Rating: 

Run, Fatboy, Run

dir: David Schimmer
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Sure, the title of this flick is a phrase that has been yelled at me by people in passing cars, the police, girlfriends and my own mother, but I’m not bitter about it…

Well, not too bitter.

Simon Pegg is becoming a ubiquitous figure of British comedy, in that a few comedies come out of Britain each year, and he seems to be in at least one of them annually. Yes, that is my new definition of ubiquity.

He’s recognisable, and has a loyal following of fans who find his antics and constant mugging amusing. Shaun of the Dead and Hot Fuzz are his two most well known roles, but you shouldn’t make the mistake of thinking that this flick right here is anything like those other ones.

This should not, nay, MUST not be confused with the comedies Pegg’s been in with Nick Frost and directed by Ed Wright.

Because, in case you missed it, this flick was directed by the tool who used to play Ross on Friends. Yes, the loathsome, the terrible, the horripilating David Schimmer.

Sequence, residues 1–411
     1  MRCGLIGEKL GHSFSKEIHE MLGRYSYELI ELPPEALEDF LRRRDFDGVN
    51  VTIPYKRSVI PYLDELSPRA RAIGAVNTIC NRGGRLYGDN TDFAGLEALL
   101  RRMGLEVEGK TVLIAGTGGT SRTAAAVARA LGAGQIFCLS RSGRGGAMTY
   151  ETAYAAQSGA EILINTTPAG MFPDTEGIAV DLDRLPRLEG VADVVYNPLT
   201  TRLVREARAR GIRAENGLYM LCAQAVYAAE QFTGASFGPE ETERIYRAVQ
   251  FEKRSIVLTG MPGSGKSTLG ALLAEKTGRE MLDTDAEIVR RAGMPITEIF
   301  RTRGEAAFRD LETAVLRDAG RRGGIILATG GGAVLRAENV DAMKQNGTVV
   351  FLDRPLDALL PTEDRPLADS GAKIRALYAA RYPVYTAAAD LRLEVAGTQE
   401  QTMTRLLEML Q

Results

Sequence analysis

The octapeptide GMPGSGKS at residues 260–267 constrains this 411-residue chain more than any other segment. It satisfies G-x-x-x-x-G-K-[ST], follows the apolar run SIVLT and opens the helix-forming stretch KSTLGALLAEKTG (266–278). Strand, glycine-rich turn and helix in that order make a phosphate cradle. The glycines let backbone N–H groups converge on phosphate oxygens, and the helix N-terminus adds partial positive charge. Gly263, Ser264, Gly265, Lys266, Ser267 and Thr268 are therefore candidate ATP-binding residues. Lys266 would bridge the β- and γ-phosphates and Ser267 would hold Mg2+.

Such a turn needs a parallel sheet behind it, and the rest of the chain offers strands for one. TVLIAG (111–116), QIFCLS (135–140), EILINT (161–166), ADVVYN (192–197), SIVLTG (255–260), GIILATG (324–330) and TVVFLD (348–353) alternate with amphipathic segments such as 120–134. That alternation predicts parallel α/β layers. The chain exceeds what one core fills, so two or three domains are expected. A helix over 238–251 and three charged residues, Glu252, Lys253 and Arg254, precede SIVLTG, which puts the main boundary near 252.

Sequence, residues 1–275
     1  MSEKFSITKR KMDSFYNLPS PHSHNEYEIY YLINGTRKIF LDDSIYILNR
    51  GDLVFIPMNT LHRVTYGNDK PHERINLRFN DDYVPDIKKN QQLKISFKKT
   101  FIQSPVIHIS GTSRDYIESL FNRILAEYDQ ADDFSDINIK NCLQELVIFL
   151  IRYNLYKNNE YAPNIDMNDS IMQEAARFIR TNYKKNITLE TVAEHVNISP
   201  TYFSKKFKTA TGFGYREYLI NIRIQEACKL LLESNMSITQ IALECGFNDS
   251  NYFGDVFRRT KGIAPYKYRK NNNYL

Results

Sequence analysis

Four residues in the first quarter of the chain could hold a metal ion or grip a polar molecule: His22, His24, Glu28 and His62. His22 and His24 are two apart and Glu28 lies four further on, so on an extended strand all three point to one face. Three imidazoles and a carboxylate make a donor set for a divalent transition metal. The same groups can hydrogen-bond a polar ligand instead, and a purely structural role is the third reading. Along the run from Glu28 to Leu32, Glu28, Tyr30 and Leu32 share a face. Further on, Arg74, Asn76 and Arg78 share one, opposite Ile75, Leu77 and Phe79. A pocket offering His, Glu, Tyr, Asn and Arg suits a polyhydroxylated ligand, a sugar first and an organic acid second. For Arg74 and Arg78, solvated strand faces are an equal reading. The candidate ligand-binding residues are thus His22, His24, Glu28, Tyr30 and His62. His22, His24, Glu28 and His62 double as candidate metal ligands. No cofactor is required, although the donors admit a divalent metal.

This is a fairly lame and lazy romantic comedy, and had it starred someone else I probably would never have bothered seeing it. It does however have some pretty funny people in it, making up for the abjectly pathetic script.

Rating: 

Walk Hard

dir: Jake Kasdan
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Walk Hard is, truth be told, a more honest, funnier and more musically adept biopic about Johnny Cash’s life than that film that came out a few years ago with Joaquin Phoenix and Reese Witherspoon whose name doesn’t escape me for the moment. Truth be told, the one doesn’t exist without the other since Walk Hard is such a parody of both Walk the Line and Ray, not only in name but in structure and key moments as well. Substitute actual blindness with smell-blindness, and they’re virtually indistinguishable.

Oh, the structure. At the movie’s beginning, an aged Dewey Cox (John C. Reilly) is about to go on stage, but seems to be waiting for something. A stagehand goes up and hassles him about the need to go onstage in short order. One of Dewey’s longstanding bandmates pipes up, “Can’t you see the man has to think about his entire life before he goes onstage?”

And, of course, from there the story moves back in time to where Dewey is but a boy, and playing with his much more talented and accomplished little brother Nate, who dreams of doing great things one day.